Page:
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Tackling the 200m fly

Last year, along with lots of open water events, I decided to have a go at the 200m breaststroke at a couple of masters competitions, including the National Masters in November, where I finished sixth out of eight in my age group, a mere 16 seconds behind the winner. Breaststroke was always my least favourite stroke, and to race 200m of it is hard, but I had fun working on something different. It was good to get faster at something as I find increasing my front crawl speed ever more difficult.

This year, I decided to take on the fearsome 200m butterfly as my pool swimming challenge. Up until now, I think I’ve only done 200m fly once before, about 15 years ago, and I can still remember the pain of the final 50m and the almost total failure of my arms. However, knowing that some people can swim butterfly for hours inspired me to try again. After all, 200m fly should take less than the three minutes it takes me to cover the distance on breaststroke. Still, I had a genuine fear that I would be unable to complete the distance.

As I started practising, it quickly became obvious that the way I swam butterfly for a 50m sprint wouldn’t serve for 200m. It barely served for 100m as the few times I’ve raced that it felt like hitting a wall with 15m to go. I had to find a less energy intensive technique, so I took a look at how the long distance fly swimmers do it, with a pronounced pause at the front of the stroke while waiting for buoyancy to bring them back to the surface. However, I didn’t want to slow down too much so worked on a compromise that added in a short pause but kept forward momentum. I also shortened the push at the back of the stroke as I found that took a lot of energy and made the recovery part of the stroke harder.


The next challenge was to find enough space to practise. Ideally, in butterfly, as in front crawl, you should keep your eyes looking down with your head in a neutral position. As I’ve previously had neck problems, this was even more important, and I had to avoid lifting my head and looking forward when I breathed too. This makes it very difficult to see swimmers coming towards me. Ideally, I would have swum in a lane to myself, but where do you find one of those except in a race? Swimming butterfly in public sessions is often frowned upon – I’ve been asked to stop by the lifeguards more than once – so that left club sessions. The best way I found to practise was to add butterfly into front crawl training sets. For example, on a set of 8x100m FC, I would swim the first length of each 100m fly if I was leading the lane, or the final length of each if I was at the back (and I tried to avoid swimming in the middle). It wasn’t ideal, but it was a start. I also tried to do some longer distances on fly (50s, 75s and 100s) at the end of sessions when the lane thinned out. I thought practising butterfly when I was already tired would be a good idea!

My target event was Bracknell Masters on 3 March. In the final two weeks leading up to the swim I was having trouble with muscle spasms in my back so had to cut back the butterfly training. It was with some trepidation that I marked up my name to confirm I was going to swim and I considered pulling out several times. I don’t like sitting around waiting at galas (this is one of the reasons I prefer open water events) so I tend to enter more events than is good for me so I’ve got something to do. The 200m fly was the first event of the evening session. In the afternoon session I swam 200m freestyle, 50m backstroke and 100m breaststroke plus three 25m sprints in relays. I was tired before I even climbed on the block.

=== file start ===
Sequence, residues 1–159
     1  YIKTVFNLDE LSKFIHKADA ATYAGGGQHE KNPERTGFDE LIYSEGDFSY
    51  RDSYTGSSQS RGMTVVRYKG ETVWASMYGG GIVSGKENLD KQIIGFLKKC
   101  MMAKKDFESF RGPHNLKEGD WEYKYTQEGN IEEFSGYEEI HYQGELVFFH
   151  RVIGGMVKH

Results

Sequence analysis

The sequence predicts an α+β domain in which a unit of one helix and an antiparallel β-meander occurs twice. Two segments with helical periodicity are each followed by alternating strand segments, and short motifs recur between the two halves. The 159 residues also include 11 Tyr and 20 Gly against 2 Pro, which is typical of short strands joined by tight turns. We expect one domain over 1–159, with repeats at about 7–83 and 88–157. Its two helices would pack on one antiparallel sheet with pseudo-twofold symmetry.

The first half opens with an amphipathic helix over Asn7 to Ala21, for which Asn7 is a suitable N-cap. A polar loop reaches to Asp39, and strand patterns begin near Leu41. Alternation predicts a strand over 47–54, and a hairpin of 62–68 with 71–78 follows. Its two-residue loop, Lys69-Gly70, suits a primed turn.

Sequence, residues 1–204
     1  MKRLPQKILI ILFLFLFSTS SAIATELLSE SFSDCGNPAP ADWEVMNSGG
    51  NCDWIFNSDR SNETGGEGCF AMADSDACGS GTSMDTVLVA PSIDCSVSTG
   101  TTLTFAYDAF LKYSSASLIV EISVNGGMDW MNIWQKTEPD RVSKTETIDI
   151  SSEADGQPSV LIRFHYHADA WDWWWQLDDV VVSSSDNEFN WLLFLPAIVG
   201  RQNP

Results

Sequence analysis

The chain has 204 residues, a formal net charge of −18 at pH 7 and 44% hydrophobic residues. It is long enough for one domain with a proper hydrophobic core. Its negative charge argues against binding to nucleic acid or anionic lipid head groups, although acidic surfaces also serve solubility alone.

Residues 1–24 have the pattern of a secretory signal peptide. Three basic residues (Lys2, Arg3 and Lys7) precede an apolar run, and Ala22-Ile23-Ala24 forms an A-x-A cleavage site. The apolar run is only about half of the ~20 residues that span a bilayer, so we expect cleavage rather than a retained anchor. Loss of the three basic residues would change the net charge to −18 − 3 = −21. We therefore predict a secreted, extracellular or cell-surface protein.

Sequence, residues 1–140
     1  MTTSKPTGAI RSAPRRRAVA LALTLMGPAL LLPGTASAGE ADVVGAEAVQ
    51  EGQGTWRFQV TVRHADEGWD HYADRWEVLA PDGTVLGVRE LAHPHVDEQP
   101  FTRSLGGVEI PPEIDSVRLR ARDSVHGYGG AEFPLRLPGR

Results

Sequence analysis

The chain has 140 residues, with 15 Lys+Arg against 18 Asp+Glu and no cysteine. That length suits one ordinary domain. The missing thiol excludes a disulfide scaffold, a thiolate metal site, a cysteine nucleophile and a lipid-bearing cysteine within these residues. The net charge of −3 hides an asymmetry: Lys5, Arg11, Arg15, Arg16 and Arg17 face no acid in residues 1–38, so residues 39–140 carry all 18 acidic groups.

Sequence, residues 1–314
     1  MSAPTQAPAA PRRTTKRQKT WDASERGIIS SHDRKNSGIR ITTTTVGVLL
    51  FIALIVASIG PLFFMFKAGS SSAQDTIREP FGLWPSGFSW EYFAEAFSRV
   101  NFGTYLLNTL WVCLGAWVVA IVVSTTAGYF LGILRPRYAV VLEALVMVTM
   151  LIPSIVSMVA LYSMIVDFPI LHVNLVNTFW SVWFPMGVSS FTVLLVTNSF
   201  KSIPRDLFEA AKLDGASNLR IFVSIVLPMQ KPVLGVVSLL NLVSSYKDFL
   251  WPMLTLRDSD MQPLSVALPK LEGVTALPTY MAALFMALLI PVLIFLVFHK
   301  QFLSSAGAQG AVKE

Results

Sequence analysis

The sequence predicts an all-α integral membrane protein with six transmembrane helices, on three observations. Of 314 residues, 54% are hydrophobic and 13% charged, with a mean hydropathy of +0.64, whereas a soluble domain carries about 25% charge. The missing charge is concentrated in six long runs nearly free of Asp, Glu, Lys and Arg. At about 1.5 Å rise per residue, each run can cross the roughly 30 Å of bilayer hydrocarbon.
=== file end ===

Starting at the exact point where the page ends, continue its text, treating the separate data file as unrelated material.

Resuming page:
Somehow I ended up in the final and fastest heat. As the other swimmers raced ahead I kept reminding myself to take it steady. I kept focused on my feet as I have a tendency to flutter kick on butterfly, which would result in a disqualification. The first 100m went well, although I was pretty sure I was in last place. I also probably started too fast as lengths five and six felt ragged. I knew I was lifting my head too high to breathe and my stroke was too short, but I couldn’t do anything about it. But while most of the other swimmers were by now far ahead I noticed I was slowly gaining on one of them. This inspired me to attempt to pick up my pace for the final 50m although the splits show I actually slowed down at this point. The final 25m were a real struggle but I managed to keep my arms moving until the end. My chief emotion at this time was relief. I didn’t really care about the time. My first objective was to finish and I had done that. My second was not to get disqualified. I had a nervous few minutes waiting for the results to confirm that I hadn’t been.


Strangely, despite how hard 200m fly is, once I’d spent a few minutes recovering I felt great and shortly after managed to swim a decent time in the 100m freestyle.

I can’t see myself becoming a 200m butterfly specialist, but if you have a chance, I recommend giving it a go. It’s one of the toughest competitive events you can do (along with the 400m individual medley) and, like an open water swim, just completing it gives you a great sense of satisfaction. Practising butterfly will also help your freestyle and open water swimming.

Image thanks to www.dephoto.biz – this is me swimming butterfly but a couple of years ago at the National Masters in the 400m IM, not the 200m fly at Bracknell.

I created Outdoor Swimmer in 2011 (initially as H2Open Magazine) as an outlet for my passion for swimming outdoors. I've been a swimmer and outdoor swimmer for as long as I remember. Swimming has made a huge difference to my life and I want to share its joys and benefits with as many people as possible. I am also the author of Swim Wild & Free: A Practical Guide to Swimming Outdoors 365 a Year.